By Curt Yeomans
A former chairman of the Clayton County Board of Education testified before a state administrative judge on Wednesday that the board went behind closed doors earlier this year and took at least one informal vote about hiring a corrective superintendent.
Former board member Eddie White spent three hours on the witness stand during the second day of a state hearing designed to determine whether board members committed malfeasance.
White testified about several events which took place during closed board meetings. During an April 23 meeting, according to White, the board voted 5-1 -- in an informal tally -- to hire John Thompson as the district's corrective superintendent, with White being the lone dissenter in the group.
"No official vote was taken," he said. "There was discussion regarding Dr. Thompson, things in his contract, and the feelings of individuals were discussed ... One would say that informally, it was understood how individuals would vote."
White said that, under state law, the only formal votes the board is allowed to take behind closed doors involve student and teacher tribunals. All other formal votes must take place in open session.
In June, Jonesboro attorneys Albert Wallace, Robert Oliver, George Glaze, George Brown, and retired teacher, Dyane Simmons, sent Gov. Sonny Perdue a complaint against several present, and former school board members, asking that they be investigated for possible malfeasance in office, because of alleged conduct that has led the Southern Association of Colleges and Schools to threaten to revoke the Clayton School System's accreditation. Michelle Strong, Sandra Scott, Lois Baines-Hunter and Yolanda Everett are the only board members listed in the complaint who are still on the board.
Perdue forwarded the complaint to the Office of State Administrative Hearings, where Judge Michael Malihi is presiding over the case. Malihi could recommend that Perdue remove Strong, Scott, Baines-Hunter and Everett from office.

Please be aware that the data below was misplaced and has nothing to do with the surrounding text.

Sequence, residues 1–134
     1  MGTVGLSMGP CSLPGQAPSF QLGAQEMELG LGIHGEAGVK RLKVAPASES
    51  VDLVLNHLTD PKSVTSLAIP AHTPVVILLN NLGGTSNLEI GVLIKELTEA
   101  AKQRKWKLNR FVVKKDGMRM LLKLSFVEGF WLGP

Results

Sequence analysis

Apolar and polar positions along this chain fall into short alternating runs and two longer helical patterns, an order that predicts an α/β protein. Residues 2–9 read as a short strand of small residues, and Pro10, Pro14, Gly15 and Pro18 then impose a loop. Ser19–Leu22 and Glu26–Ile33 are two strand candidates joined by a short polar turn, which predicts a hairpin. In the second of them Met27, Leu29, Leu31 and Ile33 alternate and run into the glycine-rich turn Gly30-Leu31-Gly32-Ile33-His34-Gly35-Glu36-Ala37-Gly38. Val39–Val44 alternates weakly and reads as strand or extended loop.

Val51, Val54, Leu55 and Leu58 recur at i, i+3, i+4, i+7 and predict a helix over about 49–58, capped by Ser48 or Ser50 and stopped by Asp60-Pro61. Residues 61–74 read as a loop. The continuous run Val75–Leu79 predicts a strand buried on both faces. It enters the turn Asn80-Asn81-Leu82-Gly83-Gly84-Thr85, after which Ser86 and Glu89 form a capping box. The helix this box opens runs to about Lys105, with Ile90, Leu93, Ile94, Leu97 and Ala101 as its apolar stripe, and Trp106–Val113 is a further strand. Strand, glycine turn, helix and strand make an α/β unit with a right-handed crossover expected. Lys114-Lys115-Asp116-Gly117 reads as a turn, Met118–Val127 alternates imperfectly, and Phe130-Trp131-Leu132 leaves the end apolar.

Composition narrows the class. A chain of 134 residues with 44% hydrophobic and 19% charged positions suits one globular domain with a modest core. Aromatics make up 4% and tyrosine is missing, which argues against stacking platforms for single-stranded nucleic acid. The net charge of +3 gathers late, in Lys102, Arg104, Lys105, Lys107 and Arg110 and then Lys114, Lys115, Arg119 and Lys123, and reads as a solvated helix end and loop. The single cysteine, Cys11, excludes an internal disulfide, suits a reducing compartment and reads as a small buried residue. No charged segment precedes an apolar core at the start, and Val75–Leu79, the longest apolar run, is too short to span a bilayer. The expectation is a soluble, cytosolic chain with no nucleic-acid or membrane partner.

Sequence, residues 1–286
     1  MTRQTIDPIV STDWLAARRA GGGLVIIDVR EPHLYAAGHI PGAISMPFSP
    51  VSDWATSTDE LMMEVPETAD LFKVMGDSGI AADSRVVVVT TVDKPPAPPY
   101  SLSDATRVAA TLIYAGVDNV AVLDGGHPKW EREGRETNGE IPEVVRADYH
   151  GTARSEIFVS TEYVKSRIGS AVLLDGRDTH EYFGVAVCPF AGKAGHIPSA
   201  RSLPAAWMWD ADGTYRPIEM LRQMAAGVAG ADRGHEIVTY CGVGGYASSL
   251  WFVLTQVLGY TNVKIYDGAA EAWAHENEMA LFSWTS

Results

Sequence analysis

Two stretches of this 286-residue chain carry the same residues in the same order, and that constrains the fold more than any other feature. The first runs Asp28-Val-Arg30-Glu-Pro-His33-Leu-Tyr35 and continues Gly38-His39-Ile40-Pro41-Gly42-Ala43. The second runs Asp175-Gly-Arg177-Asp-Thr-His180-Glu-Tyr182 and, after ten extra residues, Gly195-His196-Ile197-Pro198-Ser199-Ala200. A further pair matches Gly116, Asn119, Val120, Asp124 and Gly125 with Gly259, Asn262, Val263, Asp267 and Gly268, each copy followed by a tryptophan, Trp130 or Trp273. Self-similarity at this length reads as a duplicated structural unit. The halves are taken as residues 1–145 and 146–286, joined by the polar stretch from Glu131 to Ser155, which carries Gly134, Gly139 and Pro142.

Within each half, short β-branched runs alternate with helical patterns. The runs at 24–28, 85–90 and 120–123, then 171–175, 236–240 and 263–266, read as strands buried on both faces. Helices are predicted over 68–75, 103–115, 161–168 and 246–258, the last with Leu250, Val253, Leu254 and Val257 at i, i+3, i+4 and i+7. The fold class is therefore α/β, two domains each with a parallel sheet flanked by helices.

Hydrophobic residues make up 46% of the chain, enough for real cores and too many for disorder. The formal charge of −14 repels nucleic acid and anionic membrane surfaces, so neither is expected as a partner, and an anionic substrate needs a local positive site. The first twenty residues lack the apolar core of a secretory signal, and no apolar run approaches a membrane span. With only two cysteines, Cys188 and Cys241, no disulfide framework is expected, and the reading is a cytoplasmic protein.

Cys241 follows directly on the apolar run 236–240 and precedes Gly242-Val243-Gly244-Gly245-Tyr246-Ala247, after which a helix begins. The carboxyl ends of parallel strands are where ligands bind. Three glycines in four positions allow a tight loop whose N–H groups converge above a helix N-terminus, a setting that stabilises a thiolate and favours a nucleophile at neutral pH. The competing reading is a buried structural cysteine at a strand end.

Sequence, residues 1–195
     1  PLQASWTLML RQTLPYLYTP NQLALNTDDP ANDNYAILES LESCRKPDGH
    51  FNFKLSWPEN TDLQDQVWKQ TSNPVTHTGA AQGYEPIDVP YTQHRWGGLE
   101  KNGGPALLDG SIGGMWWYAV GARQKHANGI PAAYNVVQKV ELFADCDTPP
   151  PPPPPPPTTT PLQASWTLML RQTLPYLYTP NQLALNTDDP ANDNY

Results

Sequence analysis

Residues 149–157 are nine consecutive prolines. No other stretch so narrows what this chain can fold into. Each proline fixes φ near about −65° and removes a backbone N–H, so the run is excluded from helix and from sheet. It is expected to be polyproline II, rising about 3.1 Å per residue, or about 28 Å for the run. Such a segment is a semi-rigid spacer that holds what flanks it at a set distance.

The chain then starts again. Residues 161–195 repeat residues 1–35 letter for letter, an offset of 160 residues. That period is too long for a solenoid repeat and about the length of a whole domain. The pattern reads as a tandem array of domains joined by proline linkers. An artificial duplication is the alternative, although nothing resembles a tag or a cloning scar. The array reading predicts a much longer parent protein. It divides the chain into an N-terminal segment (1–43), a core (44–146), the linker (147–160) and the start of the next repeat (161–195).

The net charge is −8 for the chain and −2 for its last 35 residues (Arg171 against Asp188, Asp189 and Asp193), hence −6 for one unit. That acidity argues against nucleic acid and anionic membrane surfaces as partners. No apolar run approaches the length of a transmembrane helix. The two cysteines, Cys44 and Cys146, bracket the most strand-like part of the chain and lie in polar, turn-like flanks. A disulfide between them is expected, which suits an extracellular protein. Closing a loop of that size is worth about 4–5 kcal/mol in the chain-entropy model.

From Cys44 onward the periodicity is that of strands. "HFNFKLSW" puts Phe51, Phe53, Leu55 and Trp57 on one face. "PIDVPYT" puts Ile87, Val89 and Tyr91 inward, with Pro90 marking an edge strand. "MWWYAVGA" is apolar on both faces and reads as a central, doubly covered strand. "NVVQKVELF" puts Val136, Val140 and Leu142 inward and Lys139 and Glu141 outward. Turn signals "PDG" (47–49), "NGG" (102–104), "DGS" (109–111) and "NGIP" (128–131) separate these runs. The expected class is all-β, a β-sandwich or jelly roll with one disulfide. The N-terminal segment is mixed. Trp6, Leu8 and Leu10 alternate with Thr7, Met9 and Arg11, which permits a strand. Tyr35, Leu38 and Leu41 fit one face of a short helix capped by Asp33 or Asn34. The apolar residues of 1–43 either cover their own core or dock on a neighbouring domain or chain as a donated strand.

Julie Lewis, one of the attorneys for the school board members, argued that it is not out of place for the board to take an informal vote about a potential superintendent before taking a formal vote in open session.
"The board is deciding who is going to be running the school system," Lewis said. "That is one of the most important decisions a Board of Education makes."
White also testified about an argument he had with board member Sandra Scott during that same executive session. Scott allegedly distributed information she found on an internet blog during a closed session to discuss the superintendent position. The information revolved around an alleged improper relationship between White and then-Interim Superintendent Gloria Duncan.
White called for the executive session to discuss the corrective superintendent position, and noticed a piece of paper, which had been left on his desk. He said Scott was handing other board members copies of a piece of paper with the information from the blog. "In general terms, it accused me of having a relationship with the interim superintendent, in terms of jobs being performed or something of that nature," White said. "I asked if she [Scott] knew it to be true, and she said, 'well, some of it is true.'"
White said infighting among board members was a common occurrence in executive sessions. Often, the fighting involved Scott and former board member, Rod Johnson. Without getting into details, the former chairperson said personal attacks and name calling often took place in meetings which were held behind closed doors.
He testified that board member Lois Baines-Hunter once used "language that I felt was inappropriate" while addressing an attorney in an executive session. Similar behavior sometimes spilled into open meetings of the board throughout 2007, and in early 2008.
"I can't give an exact number [about the frequency of the infighting], but it was quite often," White said. "My concern was that we needed to be professionals."
Other witnesses who testified on Wednesday included Randy Reece, who acted as a human resources consultant for the school system earlier this year; Geoff Fulton, chairman of the Clayton County Chamber of Commerce Board of Directors; Larry O'Keeffe, president of the Morrow High School council, and Mary Baker, who recently won the Democratic primary run-off to represent District 6 on the board.
The two days set aside for the hearings ran through without attorneys for the board members having a chance to present their own witnesses. Attorneys for both sides will hold a conference call today, at 10 a.m., to discuss availability for at least another two days of testimony.
Lewis and attorney Rodney Moore said they will call as witnesses on behalf of the board: Strong, Scott, Baines-Hunter, Everett, Derrick Manning, assistant superintendent of high schools, Patricia Hill, principal of Morrow High School, and Rose Marie Green, a resident of Jonesboro, who regularly attends board meetings.
They will put the in-fighting and public outbursts in perspective by explaining "what was going on in the district at the time," Lewis said.
Lewis also said she and Moore are attempting to subpoena Gov. Perdue to testify on behalf of the board members, but the state attorney general's office has filed a motion to quash the subpoena.